Comments: (7)
Zeks Horde
A suburban Bethesda MD girl goes to Alaska with an older boyfriend and settles near Homer. She ultimately tires of his teacherliness towards her, and fears the kayaking trips he favors most. Though they care about each other, her teaching job in town and the general scene don't appeal, so she returns to take a master's in writing at Columbia. But the pull of Alaska remains strong, and Weiss returns to Homer, from which she writes a blog I ran across in 2015 and enjoyed. She is now married to another man and has a couple of children. Writes knowingly of the outdoors and the peculiar,necessary adjustments people make who come to live in Alaska from the Lower 48.
Xor
A young woman tells of surviving where snow-covered mountains & big skies are mirrored in Katchemak Bay with its generous bounty & hidden terrors.

"Moving to coastal Alaska means moving to the water life, although I hadn't known it until I arrived. Nothing is separate from the sea -- not the sky, not the land, not a single day, nor my mood. I wasn't used to this. I wasn't ready for it." [p.1] Each chapter offers a name for something watery & what it defines.

Last fall, my husband & I went for a whirlwind drive in Alaska. We overnighted in Homer, ate fresh caught halibut out on the spit & watched an amazing day & night pass over Katchemak Bay. So Miranda Weiss' memoir caught my fancy, & I was not disappointed.

One of the best (& worst!) reasons to pack up & leave for places unknown is because the man you love wants to. Having written about Alaska for a school project, Miranda knows well that our 49th State is one of the few places you don't need a passport to go to to find sparsely populated areas & dwellings you can start from scratch. Add in some local history, temperature & daylight extremes, a breathtaking wilderness that mostly ignores your boundaries & will kill you if you let your guard down, & you have the ingredients for an engaging memoir.

She takes the inland ferry north from Seattle, stopping at settlements along the way, to finally offload at Homer where awaits John "... who was the convergence of the life I had left behind and the new one I would create. I felt a split second of disappointment. The end of anticipation is always a letdown; the beginning is already over." [p.38]

She goes on to sketch details their relationship, fragments from her past, the flora & fauna all around, lores & legends she picks up as she follows in his footsteps, even to making her own kayak & braving the waters of that fearsome bay.

As she shows us the world she came to, she tells the stories of how she earned her place there, even though the love between her & John meets a natural death which, as you read between the lines, you'll see why.

With little sentimentality & fleeting moments of poignancy, this is a satisfying meditation of someone's odyssey that sings of the beauty she saw, brings up thoughts about family, history & the environment, stumbles through personal darknesses, struts with accomplishment & muses about gaining contentment wherein you find yourself.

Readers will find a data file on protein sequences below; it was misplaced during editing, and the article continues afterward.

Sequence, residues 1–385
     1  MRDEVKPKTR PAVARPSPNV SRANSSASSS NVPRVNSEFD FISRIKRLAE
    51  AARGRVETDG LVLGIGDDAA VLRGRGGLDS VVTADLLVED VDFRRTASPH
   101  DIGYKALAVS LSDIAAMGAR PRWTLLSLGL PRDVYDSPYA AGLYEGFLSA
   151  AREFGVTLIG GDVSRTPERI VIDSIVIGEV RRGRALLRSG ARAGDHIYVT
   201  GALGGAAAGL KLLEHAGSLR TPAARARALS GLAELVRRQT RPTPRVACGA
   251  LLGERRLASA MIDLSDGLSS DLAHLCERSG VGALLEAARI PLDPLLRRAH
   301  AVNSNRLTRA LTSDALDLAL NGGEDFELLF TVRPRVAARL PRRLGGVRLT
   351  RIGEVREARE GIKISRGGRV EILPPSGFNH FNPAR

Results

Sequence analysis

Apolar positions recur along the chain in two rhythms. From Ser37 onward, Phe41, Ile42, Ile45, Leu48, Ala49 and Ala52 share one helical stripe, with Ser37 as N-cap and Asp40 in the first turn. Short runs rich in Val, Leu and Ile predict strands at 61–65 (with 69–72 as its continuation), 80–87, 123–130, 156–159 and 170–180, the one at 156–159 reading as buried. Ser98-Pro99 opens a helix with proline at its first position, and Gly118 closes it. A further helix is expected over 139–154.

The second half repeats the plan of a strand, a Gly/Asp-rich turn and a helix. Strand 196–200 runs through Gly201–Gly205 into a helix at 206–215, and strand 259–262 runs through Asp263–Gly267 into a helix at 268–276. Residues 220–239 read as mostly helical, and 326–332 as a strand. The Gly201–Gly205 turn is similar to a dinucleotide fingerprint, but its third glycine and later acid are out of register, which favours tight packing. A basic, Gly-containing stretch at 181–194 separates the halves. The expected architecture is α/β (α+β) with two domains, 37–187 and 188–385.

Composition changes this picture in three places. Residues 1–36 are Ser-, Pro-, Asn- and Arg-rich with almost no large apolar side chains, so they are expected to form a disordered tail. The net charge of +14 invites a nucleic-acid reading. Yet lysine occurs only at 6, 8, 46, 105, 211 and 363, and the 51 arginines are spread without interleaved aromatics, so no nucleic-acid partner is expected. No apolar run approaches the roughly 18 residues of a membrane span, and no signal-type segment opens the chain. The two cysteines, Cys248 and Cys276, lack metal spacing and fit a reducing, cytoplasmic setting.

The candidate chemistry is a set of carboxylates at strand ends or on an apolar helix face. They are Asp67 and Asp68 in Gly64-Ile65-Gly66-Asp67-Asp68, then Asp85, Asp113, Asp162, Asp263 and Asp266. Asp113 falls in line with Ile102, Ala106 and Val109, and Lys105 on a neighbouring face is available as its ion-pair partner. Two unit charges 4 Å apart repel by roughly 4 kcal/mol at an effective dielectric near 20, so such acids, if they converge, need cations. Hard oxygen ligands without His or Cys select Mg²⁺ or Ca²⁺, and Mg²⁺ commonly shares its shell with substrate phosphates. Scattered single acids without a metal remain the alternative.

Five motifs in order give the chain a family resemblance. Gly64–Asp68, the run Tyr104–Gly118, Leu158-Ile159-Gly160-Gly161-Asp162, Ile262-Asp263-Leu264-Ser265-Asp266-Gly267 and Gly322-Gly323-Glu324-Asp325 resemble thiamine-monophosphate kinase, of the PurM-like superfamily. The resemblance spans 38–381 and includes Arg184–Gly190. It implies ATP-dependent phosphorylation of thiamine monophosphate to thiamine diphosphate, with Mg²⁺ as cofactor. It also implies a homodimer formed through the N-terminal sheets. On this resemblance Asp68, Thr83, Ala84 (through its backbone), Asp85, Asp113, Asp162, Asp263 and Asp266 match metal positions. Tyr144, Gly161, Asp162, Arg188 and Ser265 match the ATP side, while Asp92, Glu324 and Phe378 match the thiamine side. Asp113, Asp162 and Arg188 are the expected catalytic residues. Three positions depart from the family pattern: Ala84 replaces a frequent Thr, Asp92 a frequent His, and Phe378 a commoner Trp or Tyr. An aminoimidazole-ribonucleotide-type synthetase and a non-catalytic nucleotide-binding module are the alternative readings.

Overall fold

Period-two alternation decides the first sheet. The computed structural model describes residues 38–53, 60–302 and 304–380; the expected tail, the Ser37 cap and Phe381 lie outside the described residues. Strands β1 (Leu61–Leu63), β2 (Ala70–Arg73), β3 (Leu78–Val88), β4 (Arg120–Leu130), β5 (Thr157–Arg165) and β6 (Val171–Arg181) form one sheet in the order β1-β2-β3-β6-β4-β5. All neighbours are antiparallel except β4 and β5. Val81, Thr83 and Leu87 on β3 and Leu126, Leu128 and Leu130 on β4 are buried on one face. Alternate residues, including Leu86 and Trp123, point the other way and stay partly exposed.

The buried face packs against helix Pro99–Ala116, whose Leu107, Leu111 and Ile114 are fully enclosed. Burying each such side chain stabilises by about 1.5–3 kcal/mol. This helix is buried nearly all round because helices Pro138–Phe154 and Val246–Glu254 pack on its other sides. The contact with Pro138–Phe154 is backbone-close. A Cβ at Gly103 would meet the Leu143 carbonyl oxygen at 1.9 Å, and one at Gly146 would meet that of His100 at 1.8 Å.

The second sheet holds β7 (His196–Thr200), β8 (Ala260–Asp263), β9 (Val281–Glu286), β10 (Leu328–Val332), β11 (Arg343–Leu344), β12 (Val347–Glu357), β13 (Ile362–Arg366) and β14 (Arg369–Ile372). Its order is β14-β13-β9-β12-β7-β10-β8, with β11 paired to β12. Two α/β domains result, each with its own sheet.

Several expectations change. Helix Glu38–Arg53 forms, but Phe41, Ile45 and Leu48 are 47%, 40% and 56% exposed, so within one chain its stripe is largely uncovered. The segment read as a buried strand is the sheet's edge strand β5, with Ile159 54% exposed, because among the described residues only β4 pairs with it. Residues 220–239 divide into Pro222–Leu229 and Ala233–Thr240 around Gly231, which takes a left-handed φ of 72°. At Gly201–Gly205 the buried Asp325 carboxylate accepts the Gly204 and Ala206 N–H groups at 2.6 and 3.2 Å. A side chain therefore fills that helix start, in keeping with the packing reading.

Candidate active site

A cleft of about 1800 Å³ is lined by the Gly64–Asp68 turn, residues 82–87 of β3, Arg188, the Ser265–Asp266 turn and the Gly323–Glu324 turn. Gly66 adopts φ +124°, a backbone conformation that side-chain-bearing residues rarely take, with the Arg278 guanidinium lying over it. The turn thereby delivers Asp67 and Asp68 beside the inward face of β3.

Itiannta
What first caught my attention about this book was its cover. The front cover photo is truly beautiful. Second, I was intrigued by the subject. For me Alaska has always been a far away and mysterious place, so I thought this could be an interesting approach to get to know more about the state. The book delivered what I expected from its title. Miranda Weiss takes the reader through a beautiful tour by different places of the state and describes colorfully its wide palette of habitants, their activities, likes, dislikes, and ways of life. The description she makes about the fauna of the place is also very interesting. She lives in Homer, and from there she goes places to explore the territory.

She does this while baring her own feelings and adjusts to all the landscapes of her new home. She writes about the experience of building her own kayak, fishing exploring, teaching, and even skinning an otter. She talks about the seasons in Alaska, how tough the winters are with such short hours of daylight. I did enjoy this book a lot. It's entertaining and interesting. If you are curious about what life can be like in such a remote place like Alaska, specially for a woman, this is a good book to start with.
Phalaken
Miranda Weiss gives such detail when writing about her time in Alaska that you feel like your sitting right there with her experiencing it. My husband and I are getting ready to move to Alaska so this book is great for an eye opening detail of what we may experience! definitely recommend this book to anyone wanting to experience Alaska.
Dori
Read before I went to Homer. I was able to answer a lot of questions my group had because of this book. Chock full of sciencey details! The pic is from my kayak in the bay (like the cover of the book.)
black coffe
Nice book about life in Alaska. Not inspiring, but documents a transitional time for the author.
Just_paw
Everyone dreams of the beautiful Alaska..picture perfect, great for that dreamed of cruise, nice getaway. This is not just the story of the outsiders quick glance, but of the year round inhabitants and how they survive. Real eye-opener. I loved how it was written. Highly recommend
This is a fantastic read! I bought it just before moving to Homer and have loved getting to see my new home through this wonderfully descriptive author's eyes. Highly recommended!